For 18 months, as Infosys shares slumped from a record high, the only consistent “sell” rating on India’s most widely held stock came from a 29-year-old analyst at an investment group little known outside the country.
Other analysts have joined Ankur Rudra in downgrading Infosys, but he says clients were initially sceptical of his call on a company famous for consistently exceeding expectations.
“How can you be right? How can you know more than what the management knows?” he recalls them asking.
Rudra’s report on the Indian IT services sector, titled “Humpty Dumpty sat on a wall…” and describing Infosys as living in “limbo land”, was issued on January 14 last year, just after the stock peaked.
Since then the company has lost a third of its value on a series of disappointing revenue forecasts and other announcements that have rattled investors.
Rudra, who studied electrical engineering before becoming an analyst seven years ago, said in the report that the “sell” rating reflected “stratospheric long-term expectations” built into valuations for the IT bellwether.
The valuations of Infosys and rival Tata Consultancy Services were both around 21 times 12-month forward earnings at the time. Now, Infosys trades at about 13 times forward earnings compared with 17 times for TCS.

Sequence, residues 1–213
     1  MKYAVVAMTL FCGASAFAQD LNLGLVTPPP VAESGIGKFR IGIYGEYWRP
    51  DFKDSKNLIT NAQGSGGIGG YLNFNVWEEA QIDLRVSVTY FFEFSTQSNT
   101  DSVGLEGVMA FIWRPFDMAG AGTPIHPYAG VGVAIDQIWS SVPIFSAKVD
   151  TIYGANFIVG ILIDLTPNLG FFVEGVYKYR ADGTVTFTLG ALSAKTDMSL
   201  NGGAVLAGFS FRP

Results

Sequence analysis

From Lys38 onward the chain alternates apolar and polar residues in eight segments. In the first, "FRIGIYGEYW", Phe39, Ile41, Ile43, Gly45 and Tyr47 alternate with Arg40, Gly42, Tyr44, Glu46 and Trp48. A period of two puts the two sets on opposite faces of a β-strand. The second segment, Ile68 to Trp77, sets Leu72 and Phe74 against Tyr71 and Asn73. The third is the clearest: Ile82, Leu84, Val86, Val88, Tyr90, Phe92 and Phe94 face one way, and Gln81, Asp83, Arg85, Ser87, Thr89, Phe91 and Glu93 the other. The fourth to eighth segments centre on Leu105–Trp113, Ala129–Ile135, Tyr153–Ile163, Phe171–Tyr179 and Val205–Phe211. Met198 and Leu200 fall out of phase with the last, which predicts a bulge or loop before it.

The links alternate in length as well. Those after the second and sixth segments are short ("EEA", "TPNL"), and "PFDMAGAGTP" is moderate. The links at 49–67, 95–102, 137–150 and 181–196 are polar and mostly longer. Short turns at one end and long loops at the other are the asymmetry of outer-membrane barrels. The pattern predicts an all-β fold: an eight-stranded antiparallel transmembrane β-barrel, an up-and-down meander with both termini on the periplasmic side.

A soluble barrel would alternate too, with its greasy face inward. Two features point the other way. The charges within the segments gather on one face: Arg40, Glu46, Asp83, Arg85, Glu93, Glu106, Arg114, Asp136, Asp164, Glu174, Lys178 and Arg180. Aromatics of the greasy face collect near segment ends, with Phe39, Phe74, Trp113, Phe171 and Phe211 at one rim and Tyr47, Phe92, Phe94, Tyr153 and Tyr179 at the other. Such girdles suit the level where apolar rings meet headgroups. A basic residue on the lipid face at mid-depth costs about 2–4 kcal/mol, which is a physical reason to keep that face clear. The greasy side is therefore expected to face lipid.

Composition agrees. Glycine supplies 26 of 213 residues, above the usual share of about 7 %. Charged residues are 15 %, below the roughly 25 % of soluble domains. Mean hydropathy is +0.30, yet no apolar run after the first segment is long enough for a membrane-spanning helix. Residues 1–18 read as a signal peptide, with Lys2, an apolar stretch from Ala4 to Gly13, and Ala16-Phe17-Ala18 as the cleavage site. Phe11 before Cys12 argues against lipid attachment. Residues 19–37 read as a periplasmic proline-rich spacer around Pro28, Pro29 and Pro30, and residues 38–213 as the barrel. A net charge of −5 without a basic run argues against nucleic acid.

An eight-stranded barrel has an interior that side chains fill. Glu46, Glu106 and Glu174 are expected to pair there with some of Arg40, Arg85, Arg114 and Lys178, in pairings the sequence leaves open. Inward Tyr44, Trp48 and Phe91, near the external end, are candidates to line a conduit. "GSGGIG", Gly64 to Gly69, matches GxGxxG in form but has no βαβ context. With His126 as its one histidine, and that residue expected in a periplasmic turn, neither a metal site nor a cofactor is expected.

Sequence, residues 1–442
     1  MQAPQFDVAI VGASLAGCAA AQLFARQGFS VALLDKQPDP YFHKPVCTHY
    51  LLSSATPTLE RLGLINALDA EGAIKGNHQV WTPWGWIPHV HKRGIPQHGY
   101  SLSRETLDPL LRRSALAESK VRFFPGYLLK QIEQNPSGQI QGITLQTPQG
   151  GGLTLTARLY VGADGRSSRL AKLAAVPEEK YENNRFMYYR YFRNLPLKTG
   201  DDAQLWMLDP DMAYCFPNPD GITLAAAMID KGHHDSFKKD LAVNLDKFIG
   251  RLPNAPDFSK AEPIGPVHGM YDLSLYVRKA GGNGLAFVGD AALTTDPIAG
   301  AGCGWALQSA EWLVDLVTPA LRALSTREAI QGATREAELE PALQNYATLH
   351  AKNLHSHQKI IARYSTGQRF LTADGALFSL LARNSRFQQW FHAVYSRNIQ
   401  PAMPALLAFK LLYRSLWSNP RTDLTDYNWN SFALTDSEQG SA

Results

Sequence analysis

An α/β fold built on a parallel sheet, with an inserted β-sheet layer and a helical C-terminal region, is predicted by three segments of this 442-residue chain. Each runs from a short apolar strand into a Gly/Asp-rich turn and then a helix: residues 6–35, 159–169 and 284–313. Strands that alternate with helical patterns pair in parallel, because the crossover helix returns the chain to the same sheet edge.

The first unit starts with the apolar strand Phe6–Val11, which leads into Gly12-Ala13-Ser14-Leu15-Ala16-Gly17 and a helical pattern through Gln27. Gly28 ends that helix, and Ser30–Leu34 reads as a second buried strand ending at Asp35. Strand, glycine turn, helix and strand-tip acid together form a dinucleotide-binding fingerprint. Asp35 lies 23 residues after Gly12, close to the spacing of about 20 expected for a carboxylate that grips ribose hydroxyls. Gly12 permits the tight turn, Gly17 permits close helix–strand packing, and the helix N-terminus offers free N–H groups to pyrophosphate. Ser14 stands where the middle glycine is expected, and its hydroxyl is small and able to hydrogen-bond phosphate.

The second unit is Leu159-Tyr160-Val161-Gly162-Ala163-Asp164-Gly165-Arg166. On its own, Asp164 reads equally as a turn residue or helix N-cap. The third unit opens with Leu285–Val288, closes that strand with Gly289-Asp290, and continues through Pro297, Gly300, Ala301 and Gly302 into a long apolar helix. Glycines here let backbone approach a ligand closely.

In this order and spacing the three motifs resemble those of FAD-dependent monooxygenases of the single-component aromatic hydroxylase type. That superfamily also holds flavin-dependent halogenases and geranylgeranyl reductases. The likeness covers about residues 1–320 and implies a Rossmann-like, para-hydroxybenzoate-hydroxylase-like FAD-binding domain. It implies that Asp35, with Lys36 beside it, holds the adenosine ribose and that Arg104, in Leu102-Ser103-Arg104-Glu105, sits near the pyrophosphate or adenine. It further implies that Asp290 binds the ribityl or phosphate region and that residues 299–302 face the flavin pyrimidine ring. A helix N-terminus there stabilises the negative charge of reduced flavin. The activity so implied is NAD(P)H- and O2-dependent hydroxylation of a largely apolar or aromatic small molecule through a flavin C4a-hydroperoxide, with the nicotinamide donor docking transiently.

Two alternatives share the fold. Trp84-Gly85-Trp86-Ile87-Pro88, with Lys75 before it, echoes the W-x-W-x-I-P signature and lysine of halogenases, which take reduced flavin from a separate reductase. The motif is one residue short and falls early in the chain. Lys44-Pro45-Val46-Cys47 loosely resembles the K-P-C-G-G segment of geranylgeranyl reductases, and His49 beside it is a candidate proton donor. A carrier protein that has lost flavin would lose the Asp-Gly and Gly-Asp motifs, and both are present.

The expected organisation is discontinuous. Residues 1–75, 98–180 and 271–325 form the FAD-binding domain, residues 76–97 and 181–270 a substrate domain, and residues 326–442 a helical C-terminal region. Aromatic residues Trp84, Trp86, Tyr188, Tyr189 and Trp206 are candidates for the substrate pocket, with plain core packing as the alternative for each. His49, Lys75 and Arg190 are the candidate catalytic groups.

Globally, analysts can be shy about putting sell ratings on stocks because that can make it harder for their firms to win advisory business and can irritate the management of companies.
Just 9 percent of analyst recommendations by banks and brokerages globally were a “sell”, based on more than 120,000 recommendations issued on nearly 17,000 companies, according to a Reuters study of StarMine data.
In India, 18 percent of analyst recommendations are a “sell” or a “strong sell”, according to current Starmine data.
“Most firms want to be objective, but tend to be crowd-pleasing. So when you put sell on a stock, not only do you cheese off management teams, you also cheese off holders a lot,” Rudra said, adding that he faced no backlash from Infosys management.
Ambit, an independent Mumbai-based house, unusually only has “buy” or “sell” ratings after scrapping the “hold” option in June 2011. About 40 percent of its recommendations are sell.
Thomson Reuters StarMine gives Rudra a ranking of five stars, the highest level, based on his calls on stock moves. For Infosys’ rivals, he has a “buy” rating on top-ranked Tata Consultancy Services and a “sell” on third-placed Wipro.
Of the 55 analysts covering Infosys and tracked by Thomson Reuters StarMine, five have a “sell” rating and one has a “strong sell”. Of the remainder, 23 are neutral and 26 rate Infosys a buy or strong buy.